Did you hear the drums? On first listen — or maybe the second listen — you might feel like your ears are being subjected to a symphonic onslaught, and not without good reason. Zlatan’s enunciation is immaculate, and while it’s difficult to mouth off so many lyrics in such a short listening time, he does it incredibly well.  Mayorkun is used to slower tempos — and he says so on Twitter after the song’s release — but he pulls through. In his verse, he references the popular DJ Tunez’s hit single, “Pami”, while managing to drop a few solid bars. It’s clever, and unapologetically Mayorkun-esque. In the official video, the gang launches new dance moves, and that as well as Zlatan’s boyish energy is a delight to watch. The instrumentals are highlighted, and P.Priime’s genius is  difficult to ignore. The elite production makes “Cho Cho” one of the best ‘lamba’ songs to be released this year. FS

48. Lil Kesh featuring Fireboy DML, “Love Like This”

Shortly after his decent EP from 2020, Lil Kesh returned with assists from Afro-lite proponent, Fireboy DML, on “Love Like This”. With a pleasant cameo by Priscilla Ojo, daughter of Nollywood actress, Iyabo Ojo, as vixen in the Anietie James-directed music video, Lil Kesh continues to chronicle one of his obsessions, love or the lack thereof. ED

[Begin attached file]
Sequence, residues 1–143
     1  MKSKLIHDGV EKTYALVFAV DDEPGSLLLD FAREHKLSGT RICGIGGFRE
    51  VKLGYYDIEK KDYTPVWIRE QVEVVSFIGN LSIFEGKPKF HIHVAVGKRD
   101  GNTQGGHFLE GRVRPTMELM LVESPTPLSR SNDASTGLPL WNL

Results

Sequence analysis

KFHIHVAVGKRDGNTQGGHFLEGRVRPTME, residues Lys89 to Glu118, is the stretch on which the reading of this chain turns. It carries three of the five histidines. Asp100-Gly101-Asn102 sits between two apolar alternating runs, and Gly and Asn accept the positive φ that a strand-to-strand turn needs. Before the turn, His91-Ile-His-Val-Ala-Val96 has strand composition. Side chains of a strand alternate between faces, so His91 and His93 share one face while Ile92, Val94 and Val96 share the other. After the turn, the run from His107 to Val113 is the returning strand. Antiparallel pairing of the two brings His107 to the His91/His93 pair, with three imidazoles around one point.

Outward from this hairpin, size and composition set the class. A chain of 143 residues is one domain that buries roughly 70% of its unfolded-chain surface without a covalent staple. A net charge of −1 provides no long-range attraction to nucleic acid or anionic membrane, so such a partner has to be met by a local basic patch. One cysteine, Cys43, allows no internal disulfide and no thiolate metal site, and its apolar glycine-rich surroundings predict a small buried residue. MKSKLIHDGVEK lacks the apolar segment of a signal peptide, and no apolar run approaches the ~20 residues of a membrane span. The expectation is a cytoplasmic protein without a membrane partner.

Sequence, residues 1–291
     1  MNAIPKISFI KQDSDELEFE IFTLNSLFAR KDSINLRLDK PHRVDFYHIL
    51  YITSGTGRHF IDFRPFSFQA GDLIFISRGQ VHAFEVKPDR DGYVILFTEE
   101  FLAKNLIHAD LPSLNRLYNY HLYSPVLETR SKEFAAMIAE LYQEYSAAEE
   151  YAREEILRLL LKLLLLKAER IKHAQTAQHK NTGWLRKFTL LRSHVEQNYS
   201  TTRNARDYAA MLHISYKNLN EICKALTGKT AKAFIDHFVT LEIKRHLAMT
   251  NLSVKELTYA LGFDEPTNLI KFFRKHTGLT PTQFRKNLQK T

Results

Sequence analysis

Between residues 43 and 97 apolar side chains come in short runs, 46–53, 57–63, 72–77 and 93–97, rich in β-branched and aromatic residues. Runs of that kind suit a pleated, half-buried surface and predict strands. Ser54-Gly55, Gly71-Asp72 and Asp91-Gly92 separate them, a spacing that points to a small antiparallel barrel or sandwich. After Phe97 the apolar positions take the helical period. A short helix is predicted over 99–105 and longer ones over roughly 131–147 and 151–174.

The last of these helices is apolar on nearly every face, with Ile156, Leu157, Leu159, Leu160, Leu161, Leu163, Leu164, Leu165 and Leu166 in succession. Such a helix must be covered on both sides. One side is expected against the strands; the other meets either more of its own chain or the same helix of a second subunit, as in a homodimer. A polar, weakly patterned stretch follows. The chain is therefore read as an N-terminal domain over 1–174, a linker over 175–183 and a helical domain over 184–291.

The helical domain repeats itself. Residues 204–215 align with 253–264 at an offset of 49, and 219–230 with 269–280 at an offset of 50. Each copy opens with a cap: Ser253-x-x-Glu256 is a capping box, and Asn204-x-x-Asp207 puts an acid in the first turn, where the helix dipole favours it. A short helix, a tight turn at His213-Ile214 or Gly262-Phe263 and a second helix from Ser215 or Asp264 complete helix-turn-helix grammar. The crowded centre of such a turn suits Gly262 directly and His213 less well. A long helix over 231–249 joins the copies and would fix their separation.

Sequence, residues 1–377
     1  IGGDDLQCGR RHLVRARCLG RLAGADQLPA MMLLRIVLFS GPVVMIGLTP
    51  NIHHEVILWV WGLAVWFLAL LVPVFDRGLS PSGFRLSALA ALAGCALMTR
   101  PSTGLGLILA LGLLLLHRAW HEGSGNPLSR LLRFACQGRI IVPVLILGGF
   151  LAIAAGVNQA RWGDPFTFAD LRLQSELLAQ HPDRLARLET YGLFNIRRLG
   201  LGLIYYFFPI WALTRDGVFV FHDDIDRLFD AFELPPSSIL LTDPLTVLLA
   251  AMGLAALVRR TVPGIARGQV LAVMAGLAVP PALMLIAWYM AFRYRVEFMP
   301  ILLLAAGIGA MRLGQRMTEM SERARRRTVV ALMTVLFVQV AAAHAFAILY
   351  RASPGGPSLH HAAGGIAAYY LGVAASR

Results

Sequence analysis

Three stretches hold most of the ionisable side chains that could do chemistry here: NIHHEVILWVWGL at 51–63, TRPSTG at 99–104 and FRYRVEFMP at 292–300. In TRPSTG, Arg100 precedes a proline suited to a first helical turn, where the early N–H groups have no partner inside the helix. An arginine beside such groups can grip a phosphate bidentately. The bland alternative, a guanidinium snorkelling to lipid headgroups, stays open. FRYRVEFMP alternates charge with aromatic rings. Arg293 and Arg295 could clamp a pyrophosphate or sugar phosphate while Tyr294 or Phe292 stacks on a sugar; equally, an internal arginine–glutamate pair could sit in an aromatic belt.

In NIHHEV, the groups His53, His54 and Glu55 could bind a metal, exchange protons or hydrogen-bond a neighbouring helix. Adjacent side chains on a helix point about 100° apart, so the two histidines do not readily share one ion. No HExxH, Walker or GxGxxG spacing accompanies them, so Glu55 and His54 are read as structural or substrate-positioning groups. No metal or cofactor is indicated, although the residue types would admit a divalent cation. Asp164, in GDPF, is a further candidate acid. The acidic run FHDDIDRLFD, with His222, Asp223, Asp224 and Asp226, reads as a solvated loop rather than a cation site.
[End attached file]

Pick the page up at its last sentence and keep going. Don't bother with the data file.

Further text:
47. Naira Marley, “Chi Chi”

For many watchers, the Naira Marley’s era is over as many believe that Nigerian audiences are now looking unto the new younger generation of artists. While there is some credence to this, Naira Marley’s “Chi Chi” is a reminder of why the self-acclaimed leader of the Marlian movement was at the top in the first place. Even though the song is a profession of love to an eponymous lover named Chichi, the song follows the same Naira Marley sound. Many musicians who maintain a distinct sound run the risk of ending up as one hit wonders but Naira Marley has managed to stay relevant in the game for a decent time. Also, the song also confirms that Marley and Rexxie are soul brothers. AI

46. Qdot featuring Patoranking, “Magbe”

“Magbe” is a perfect party starter and also a didactic tune. Given the widespread drug abuse by the youth, Yoruba bad boi, Qdot, and dancehall king, Patoranking, are the new vanguard against the social vice with the duo curating a dance and tune for the listeners; the only problem is retention of their message.  On “Magbe”, both acts craft their verses with humour and pop culture references. In the Bizzle and Frizzle-directed music video, they become emergency laboratory scientists who mix chemicals to generate their elements. “Magbe” is proof of the relevance of art in society. ED

45. Lyta featuring Emo Grae, Zinoleesky and Naira Marley, “Are You Sure”